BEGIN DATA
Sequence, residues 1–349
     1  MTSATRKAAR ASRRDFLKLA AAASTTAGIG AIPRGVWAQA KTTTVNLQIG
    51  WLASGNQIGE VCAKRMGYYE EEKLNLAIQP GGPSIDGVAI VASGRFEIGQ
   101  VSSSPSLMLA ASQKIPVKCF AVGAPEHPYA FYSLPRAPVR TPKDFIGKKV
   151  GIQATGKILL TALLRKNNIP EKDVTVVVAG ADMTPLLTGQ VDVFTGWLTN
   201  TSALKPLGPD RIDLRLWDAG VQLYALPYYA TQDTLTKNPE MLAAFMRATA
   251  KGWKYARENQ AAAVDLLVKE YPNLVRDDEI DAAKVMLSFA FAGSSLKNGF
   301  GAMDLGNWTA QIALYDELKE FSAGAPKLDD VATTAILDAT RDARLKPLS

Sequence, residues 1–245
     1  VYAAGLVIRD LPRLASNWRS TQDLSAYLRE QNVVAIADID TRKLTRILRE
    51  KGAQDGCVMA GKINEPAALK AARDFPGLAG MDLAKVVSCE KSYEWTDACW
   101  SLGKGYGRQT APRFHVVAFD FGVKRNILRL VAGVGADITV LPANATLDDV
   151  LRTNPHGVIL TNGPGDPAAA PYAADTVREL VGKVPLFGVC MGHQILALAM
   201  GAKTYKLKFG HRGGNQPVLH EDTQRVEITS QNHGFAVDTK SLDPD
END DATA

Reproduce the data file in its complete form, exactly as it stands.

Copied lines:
Sequence, residues 1–349
     1  MTSATRKAAR ASRRDFLKLA AAASTTAGIG AIPRGVWAQA KTTTVNLQIG
    51  WLASGNQIGE VCAKRMGYYE EEKLNLAIQP GGPSIDGVAI VASGRFEIGQ
   101  VSSSPSLMLA ASQKIPVKCF AVGAPEHPYA FYSLPRAPVR TPKDFIGKKV
   151  GIQATGKILL TALLRKNNIP EKDVTVVVAG ADMTPLLTGQ VDVFTGWLTN
   201  TSALKPLGPD RIDLRLWDAG VQLYALPYYA TQDTLTKNPE MLAAFMRATA
   251  KGWKYARENQ AAAVDLLVKE YPNLVRDDEI DAAKVMLSFA FAGSSLKNGF
   301  GAMDLGNWTA QIALYDELKE FSAGAPKLDD VATTAILDAT RDARLKPLS

Sequence, residues 1–245
     1  VYAAGLVIRD LPRLASNWRS TQDLSAYLRE QNVVAIADID TRKLTRILRE
    51  KGAQDGCVMA GKINEPAALK AARDFPGLAG MDLAKVVSCE KSYEWTDACW
   101  SLGKGYGRQT APRFHVVAFD FGVKRNILRL VAGVGADITV LPANATLDDV
   151  LRTNPHGVIL TNGPGDPAAA PYAADTVREL VGKVPLFGVC MGHQILALAM
   201  GAKTYKLKFG HRGGNQPVLH EDTQRVEITS QNHGFAVDTK SLDPD